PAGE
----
The State Constitutions

During the revolutionary period the thirteen colonies reconstituted themselves as states. Their colonial charters were reworked as constitutions to reflect the new political reality and to guarantee the rights believed indispensable to representative government. The revolution was a time of political ferment and creativity on the state as well as national level.

The Protection of Rights

The framers of the state constitutions were influenced by the great political philosophers of the Enlightenment. From John Locke, Montesquieu, and many others, they derived ideas about natural rights, the social contract, and the separation of powers. They also reflected the powerful impetus given to the defense of individual liberty by the revolution. Most of the state constitutions contained a bill of rights, guaranteeing basic protections for their citizens.

The Massachusetts constitution of 1780 captured the period's Enlightened idealism, declaring “The people alone have an incontestable, unalienable, and indefeasible right to institute government, and to reform, alter, or totally change the same when their protection, safety, prosperity, and happiness require it.” The state constitutions may have been less eloquent than Jefferson's Declaration of Independence, but they loudly echoed its ideas.

The states considered themselves to be sovereign entities. They raised troops and issued money. Before the Articles of Confederation became law, they managed their own foreign policy. Virginia separately ratified the alliance with France in 1778.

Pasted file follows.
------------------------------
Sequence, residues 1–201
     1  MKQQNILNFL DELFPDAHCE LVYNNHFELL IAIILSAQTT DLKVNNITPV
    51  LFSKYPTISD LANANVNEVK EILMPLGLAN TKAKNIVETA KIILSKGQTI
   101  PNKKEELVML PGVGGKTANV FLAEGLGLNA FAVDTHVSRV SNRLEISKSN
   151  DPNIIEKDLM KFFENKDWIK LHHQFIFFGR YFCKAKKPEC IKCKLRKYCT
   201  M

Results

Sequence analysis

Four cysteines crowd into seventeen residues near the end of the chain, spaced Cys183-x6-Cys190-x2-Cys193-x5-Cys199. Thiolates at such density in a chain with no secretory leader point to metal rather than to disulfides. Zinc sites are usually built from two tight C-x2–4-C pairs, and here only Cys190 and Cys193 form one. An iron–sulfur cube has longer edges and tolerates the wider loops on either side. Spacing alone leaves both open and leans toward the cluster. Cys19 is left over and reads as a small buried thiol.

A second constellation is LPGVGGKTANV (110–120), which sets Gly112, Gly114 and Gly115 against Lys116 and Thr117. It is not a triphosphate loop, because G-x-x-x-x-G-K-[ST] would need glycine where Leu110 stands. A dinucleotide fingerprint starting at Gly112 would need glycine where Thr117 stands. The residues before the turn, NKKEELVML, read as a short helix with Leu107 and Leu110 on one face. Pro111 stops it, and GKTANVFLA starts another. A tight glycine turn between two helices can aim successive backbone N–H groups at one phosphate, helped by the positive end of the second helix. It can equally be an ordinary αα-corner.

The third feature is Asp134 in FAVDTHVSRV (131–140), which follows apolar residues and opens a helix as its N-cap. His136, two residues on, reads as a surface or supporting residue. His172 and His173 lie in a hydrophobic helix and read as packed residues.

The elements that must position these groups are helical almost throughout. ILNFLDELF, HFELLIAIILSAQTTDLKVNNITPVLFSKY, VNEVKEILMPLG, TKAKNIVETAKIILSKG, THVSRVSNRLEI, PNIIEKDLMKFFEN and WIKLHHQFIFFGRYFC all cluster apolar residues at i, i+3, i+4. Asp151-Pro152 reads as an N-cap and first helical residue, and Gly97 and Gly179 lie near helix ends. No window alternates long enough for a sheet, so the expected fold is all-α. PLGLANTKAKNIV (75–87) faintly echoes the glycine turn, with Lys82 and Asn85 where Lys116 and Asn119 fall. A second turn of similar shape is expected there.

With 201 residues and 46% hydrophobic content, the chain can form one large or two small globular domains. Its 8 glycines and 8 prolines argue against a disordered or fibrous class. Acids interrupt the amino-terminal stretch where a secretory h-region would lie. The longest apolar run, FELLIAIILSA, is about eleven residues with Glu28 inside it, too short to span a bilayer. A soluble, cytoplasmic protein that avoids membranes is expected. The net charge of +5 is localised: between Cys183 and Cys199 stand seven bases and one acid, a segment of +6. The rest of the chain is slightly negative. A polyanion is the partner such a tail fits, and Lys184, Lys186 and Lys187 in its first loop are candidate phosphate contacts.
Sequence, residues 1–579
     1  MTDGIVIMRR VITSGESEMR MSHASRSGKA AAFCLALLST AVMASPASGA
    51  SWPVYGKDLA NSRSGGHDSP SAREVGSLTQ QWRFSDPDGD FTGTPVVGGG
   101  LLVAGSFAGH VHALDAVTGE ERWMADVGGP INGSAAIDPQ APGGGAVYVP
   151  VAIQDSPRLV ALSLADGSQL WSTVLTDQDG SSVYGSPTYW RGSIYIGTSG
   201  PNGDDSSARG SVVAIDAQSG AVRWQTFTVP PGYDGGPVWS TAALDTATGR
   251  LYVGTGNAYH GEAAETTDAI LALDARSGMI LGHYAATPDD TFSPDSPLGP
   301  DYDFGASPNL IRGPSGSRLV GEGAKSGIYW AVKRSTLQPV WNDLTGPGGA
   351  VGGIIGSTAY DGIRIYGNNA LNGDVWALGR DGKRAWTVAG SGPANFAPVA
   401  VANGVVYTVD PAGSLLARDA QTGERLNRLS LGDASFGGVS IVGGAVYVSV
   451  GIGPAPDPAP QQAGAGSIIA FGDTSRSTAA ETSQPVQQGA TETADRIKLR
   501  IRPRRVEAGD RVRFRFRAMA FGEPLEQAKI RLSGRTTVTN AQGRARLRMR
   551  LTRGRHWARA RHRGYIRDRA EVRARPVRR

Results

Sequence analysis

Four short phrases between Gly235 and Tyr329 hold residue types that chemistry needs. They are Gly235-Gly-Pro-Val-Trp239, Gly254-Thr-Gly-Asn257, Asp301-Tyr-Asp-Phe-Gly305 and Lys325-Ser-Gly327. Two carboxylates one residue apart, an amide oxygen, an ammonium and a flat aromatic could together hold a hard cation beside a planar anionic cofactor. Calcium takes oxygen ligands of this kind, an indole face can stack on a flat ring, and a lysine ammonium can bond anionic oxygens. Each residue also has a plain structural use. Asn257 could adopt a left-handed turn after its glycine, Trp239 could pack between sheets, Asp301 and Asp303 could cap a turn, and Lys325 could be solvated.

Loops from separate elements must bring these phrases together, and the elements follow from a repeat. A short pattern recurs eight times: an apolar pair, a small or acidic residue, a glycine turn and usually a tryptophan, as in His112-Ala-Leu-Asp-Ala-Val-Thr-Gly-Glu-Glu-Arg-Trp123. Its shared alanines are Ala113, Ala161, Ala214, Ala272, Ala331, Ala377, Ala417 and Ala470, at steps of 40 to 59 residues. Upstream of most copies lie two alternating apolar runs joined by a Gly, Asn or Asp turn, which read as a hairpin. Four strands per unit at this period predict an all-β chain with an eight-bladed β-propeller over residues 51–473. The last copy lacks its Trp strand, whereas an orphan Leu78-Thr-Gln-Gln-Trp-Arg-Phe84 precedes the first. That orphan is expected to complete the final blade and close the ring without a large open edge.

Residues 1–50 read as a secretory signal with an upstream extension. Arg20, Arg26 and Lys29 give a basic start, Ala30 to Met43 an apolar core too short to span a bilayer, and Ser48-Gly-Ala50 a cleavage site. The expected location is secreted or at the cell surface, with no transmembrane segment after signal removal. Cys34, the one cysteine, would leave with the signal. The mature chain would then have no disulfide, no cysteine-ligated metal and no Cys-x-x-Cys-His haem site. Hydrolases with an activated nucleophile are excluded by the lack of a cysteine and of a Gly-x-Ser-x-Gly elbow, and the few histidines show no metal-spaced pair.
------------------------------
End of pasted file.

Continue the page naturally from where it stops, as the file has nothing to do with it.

Creating Republican Institutions

Most of the new state constitutions retained the basic governmental structure of the prewar colonial regimes. Governors were now elected by the people. The royal councils became elected senates, acting as the upper house in a bicameral legislature. An exception to this pattern was Pennsylvania, which experimented with a unicameral legislature.

As a reflection of the popular distrust of strong executives, most governors were given very limited powers. This hurt the effective prosecution of the war, making it difficult to get things done. Most Americans appeared willing to live with this. In their reaction to British overreaching, Americans seemed to endorse the conviction that that government is best which governs least.

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